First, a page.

“Photograph, 1983” and “Sandbagging”

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“Photograph, 1983” and “Sandbagging”

by Rachel Richardson
Southern Cultures, Vol. 16, No. 1: Spring 2010

"The warden says fill and you fill it."

Photograph, 1983
for Lola Bell

When you and my grandmother both got old,
and she could not bear
the empty house, and all your children
were gone as well, some nights the two of you

crawled into her brass bed
“like a pair of old spinsters,” your sister
says. I am learning so late
how it was. You and my grandmother:

born the same year, and both
your husbands went to fight in the war,
though yours never returned.
And in this picture

my grandmother must have taken it
you’re smiling, probably because
we’ve been told to. And I’m smiling, too,
fierce with new teeth:

we’re a girl in an Easter dress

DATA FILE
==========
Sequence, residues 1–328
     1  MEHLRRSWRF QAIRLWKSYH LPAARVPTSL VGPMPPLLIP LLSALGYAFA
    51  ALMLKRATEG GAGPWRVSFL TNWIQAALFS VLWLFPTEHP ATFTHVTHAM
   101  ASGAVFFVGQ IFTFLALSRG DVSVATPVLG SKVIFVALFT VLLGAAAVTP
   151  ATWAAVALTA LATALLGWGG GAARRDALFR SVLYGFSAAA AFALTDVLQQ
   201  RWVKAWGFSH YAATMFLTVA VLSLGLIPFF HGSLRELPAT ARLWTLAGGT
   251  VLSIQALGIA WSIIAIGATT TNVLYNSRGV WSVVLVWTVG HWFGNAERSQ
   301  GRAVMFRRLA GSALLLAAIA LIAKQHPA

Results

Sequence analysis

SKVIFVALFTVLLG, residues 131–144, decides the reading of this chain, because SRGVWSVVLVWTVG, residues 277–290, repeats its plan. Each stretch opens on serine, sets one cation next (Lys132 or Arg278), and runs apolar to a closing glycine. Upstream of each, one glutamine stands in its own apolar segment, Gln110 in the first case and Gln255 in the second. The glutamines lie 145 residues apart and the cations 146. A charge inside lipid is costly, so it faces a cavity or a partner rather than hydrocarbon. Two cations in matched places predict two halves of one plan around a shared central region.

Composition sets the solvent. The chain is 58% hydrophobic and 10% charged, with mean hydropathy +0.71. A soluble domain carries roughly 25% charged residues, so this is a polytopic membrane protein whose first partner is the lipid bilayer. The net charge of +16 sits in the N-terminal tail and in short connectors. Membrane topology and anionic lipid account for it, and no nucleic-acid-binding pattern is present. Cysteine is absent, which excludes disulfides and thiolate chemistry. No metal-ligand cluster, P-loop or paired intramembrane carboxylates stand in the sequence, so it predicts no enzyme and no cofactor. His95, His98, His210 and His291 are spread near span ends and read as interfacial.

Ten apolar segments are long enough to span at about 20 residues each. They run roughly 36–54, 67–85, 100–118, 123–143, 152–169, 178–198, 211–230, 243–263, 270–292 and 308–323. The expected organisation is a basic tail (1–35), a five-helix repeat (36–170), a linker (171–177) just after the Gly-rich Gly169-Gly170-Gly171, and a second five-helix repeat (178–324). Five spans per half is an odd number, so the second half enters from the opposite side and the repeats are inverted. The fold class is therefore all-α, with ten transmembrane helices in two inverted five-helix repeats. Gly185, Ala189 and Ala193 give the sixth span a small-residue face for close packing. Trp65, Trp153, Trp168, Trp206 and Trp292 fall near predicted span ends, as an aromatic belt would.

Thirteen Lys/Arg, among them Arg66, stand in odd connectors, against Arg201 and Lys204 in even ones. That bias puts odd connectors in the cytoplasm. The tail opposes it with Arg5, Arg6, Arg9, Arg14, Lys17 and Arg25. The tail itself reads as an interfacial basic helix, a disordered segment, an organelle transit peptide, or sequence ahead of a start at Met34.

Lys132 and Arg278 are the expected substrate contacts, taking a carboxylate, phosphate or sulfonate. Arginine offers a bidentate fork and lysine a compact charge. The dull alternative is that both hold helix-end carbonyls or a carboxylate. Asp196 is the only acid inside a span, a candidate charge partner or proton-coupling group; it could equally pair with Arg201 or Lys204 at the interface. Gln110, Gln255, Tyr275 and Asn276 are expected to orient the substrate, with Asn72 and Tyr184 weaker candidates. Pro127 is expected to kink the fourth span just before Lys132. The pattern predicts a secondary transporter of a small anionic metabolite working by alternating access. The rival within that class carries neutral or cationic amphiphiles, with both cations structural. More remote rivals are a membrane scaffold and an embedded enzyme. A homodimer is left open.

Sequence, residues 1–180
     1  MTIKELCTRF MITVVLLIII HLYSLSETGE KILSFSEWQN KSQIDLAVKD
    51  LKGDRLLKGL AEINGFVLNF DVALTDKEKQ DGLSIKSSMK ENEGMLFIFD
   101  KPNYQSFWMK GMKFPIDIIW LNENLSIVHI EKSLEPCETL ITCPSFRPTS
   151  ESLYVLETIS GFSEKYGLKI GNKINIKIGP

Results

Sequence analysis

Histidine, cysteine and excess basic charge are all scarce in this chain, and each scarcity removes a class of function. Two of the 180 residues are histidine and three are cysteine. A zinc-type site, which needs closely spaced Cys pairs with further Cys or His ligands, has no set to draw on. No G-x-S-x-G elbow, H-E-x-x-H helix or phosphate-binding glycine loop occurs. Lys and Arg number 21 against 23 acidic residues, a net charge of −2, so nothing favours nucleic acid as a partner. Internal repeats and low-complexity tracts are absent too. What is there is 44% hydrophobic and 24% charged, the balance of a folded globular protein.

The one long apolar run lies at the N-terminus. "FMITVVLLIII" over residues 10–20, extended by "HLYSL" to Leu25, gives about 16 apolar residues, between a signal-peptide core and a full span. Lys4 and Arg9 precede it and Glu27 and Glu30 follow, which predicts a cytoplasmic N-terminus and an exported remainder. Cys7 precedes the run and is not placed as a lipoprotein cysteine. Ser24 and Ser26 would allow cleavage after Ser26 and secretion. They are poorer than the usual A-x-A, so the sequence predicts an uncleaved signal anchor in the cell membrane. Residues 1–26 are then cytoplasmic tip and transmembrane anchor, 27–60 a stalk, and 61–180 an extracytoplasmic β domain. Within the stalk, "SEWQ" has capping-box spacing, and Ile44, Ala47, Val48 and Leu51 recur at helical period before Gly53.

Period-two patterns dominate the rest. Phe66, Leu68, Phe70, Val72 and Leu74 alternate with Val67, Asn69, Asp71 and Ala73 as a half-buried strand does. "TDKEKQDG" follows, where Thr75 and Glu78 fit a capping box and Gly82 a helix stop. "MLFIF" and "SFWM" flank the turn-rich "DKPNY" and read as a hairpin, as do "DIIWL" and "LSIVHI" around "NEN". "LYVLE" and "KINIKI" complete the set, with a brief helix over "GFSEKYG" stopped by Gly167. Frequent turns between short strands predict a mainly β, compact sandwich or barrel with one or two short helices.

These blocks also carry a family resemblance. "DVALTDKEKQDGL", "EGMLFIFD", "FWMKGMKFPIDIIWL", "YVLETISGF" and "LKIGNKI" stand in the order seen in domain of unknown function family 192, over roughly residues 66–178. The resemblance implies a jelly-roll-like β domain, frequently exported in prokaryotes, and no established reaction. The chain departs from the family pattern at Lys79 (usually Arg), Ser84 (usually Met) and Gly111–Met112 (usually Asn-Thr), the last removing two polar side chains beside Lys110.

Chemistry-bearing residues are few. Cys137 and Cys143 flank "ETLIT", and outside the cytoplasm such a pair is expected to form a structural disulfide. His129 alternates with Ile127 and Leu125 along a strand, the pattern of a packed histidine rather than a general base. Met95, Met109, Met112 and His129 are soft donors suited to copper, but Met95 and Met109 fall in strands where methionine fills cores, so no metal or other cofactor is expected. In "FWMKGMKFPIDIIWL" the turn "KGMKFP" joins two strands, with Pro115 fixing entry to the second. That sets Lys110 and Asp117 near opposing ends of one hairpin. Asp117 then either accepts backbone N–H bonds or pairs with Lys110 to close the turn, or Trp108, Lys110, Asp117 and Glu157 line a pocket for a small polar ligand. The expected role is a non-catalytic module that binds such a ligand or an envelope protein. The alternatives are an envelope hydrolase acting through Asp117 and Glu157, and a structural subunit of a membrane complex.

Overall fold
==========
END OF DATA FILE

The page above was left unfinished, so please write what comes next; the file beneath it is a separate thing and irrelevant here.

caked with mud, gripped by a woman
half blind, lock-kneed, starched.
We are still standing there, looking out.

Sandbagging
Louisiana State Penitentiary, Angola, 1997

To highway-road,
to rock-build.
To tree-split,
fence-string,
hammer.

Prisoner porter,
prisoner freight.

To hammer,
to hammer.

You hold bags open,
you funnel
the sand.
You tie them
closed and load
here,
to the truckbed.

Prisoner faithful,
prison of storms.

To harbor
and winnow,
to salvage.
Your mothers
unmothered,
you bolster.

The warden says fill
and you fill it.

The river says
break

and you still it.

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